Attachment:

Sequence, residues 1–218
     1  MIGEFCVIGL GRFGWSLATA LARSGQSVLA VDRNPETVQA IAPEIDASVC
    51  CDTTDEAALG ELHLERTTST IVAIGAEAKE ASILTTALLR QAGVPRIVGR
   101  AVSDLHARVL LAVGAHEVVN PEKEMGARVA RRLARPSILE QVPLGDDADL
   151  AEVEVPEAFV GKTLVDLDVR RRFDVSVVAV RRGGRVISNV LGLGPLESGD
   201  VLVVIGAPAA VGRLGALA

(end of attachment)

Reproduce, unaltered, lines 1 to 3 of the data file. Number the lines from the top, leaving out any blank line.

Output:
Sequence, residues 1–218
     1  MIGEFCVIGL GRFGWSLATA LARSGQSVLA VDRNPETVQA IAPEIDASVC
    51  CDTTDEAALG ELHLERTTST IVAIGAEAKE ASILTTALLR QAGVPRIVGR